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Will robotics drive future of aesthetic medicine?

Article-Will robotics drive future of aesthetic medicine?

Disruptive technologies are starting to change the way aesthetic physicians and patients think about such common treatments as hair removal and noninvasive fat reduction. But these glimpses into the possibilities with robotics and automation are merely the beginning.

A major disruptive transformation will take hold of the industry in the next decade, according to Farhan Taghizadeh, M.D., a Phoenix, Ariz., based facial plastic surgeon who presented on the topic of robotics and aesthetic medicine yesterday at The Aesthetic Show in Las Vegas.

Aesthetic physicians will likely find industry-wide commoditization, as costs for disruptive technologies come down, and the capacity for devices to use artificial intelligence- (AI)-fueled algorithms to perform more complex tasks increases, according to Dr. Taghizadeh.

“With the next generation of sensors and AI algorithms, cheaper robotic arms and advances in the laser, radiofrequency and energy realms, we’re coming to the point at which aesthetics may be becoming automated,” he says.

Truly robotic systems, which take a lot of the work out of human hands, are in the development stage and aren’t yet available for use in aesthetic practices. It’s unlikely that the automation will, at first, impact surgical patients, including those getting facelifts and rhinoplasties, according to Dr. Taghizadeh. 

“What you’re going to see is radiofrequency, microneedling, energy delivery and other energy-based systems tracking and moving along the skin in a very cohesive fashion,” he says. “CoolSculpting is somewhat passive — someone puts a machine on your stomach and walks away. But the machine doesn’t know exactly what it is doing without an operator setting it.  An era is coming when these machines will know what they’re doing.”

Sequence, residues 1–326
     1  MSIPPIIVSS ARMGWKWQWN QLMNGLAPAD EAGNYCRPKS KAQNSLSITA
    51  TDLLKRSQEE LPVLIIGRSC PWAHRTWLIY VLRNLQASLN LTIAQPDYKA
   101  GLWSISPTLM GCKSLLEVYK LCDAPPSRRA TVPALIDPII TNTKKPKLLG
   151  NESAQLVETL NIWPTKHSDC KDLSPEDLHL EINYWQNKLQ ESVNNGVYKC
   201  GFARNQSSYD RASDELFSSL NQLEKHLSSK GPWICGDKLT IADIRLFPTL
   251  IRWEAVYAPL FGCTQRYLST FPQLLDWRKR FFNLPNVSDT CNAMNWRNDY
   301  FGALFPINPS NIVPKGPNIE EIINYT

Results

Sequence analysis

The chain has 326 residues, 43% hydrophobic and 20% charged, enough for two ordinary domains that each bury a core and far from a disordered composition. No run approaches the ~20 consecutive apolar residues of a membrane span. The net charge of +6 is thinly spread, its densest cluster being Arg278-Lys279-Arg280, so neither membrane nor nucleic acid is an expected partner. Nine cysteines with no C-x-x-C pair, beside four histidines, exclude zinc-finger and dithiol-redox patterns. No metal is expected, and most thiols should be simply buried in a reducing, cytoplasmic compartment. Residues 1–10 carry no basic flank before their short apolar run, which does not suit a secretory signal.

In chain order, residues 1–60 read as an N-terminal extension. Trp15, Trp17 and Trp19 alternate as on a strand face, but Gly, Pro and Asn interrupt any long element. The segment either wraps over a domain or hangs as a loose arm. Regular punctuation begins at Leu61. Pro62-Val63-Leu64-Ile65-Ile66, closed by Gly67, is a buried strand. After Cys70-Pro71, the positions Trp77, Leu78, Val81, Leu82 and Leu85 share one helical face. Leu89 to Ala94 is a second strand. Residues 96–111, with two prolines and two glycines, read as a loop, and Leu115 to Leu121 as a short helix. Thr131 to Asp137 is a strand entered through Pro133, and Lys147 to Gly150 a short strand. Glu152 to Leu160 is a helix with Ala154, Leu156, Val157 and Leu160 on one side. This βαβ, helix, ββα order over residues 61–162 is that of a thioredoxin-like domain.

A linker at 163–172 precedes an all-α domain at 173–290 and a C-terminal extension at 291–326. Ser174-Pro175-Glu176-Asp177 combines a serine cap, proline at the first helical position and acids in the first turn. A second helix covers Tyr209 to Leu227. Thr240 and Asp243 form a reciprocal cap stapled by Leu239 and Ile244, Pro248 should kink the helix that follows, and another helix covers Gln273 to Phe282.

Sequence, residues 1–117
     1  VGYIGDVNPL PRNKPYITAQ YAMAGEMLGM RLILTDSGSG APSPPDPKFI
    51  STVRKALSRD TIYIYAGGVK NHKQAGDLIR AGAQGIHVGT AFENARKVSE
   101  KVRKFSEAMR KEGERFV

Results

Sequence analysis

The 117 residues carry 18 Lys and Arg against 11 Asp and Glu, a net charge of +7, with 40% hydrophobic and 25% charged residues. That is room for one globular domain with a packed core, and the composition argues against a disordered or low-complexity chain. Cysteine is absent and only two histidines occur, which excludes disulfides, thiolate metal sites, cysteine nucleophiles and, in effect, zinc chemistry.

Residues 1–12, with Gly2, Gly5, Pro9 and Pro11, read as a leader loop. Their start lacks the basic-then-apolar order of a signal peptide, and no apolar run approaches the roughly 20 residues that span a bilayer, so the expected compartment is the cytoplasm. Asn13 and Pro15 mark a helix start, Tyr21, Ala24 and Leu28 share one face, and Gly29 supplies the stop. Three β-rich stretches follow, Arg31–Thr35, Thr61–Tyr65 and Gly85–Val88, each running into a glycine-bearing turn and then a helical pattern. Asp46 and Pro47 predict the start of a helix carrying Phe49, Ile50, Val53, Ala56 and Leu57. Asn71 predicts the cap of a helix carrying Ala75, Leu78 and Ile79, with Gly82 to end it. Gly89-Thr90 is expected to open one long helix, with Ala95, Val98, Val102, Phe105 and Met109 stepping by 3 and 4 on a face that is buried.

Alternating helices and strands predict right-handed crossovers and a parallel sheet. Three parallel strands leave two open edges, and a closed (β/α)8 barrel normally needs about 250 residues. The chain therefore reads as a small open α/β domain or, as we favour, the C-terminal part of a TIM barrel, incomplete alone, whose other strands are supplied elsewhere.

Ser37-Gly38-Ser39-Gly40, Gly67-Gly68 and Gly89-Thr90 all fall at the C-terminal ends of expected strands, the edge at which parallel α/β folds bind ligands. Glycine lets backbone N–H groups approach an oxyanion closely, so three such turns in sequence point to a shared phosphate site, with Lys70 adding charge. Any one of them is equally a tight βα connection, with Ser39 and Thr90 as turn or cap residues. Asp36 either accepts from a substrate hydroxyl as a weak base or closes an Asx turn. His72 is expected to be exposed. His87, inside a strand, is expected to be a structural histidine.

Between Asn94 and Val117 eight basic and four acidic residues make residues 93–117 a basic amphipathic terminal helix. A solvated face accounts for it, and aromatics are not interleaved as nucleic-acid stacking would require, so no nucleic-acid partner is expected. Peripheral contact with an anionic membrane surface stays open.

Aesthetics is a starting point for many of the big and small companies developing technologies in medicine, including AVRA Medical Robotics, a company focused on aesthetics automation, of which Dr. Taghizadeh is chief medical officer.

The aesthetics industry has huge untapped potential because of cost. Automation with robotics could provide a solution.

Dr. Taghizadeh cites market data from various sources that more than 70 million Americans want access to aesthetic procedures. But only about 8 to 10 million are accessing such procedures, according to according to American Society for Aesthetic Plastic Surgery statistics.

The reason is a tube of filler costs more than most people have in their savings accounts. Aesthetic procedures are simply too expensive for most people, according to Dr. Taghizadeh.

And that’s not the only disconnect. While physicians offering aesthetic procedures tend to strive for meeting all patients’ needs, most people aren’t looking for everything at one time. 

“They’re looking for access to some results,” he says. “The real opportunity lies with providing some outcome at a very affordable price. The economics are not reasonable today, but the push towards automation will make it possible in the next five years.”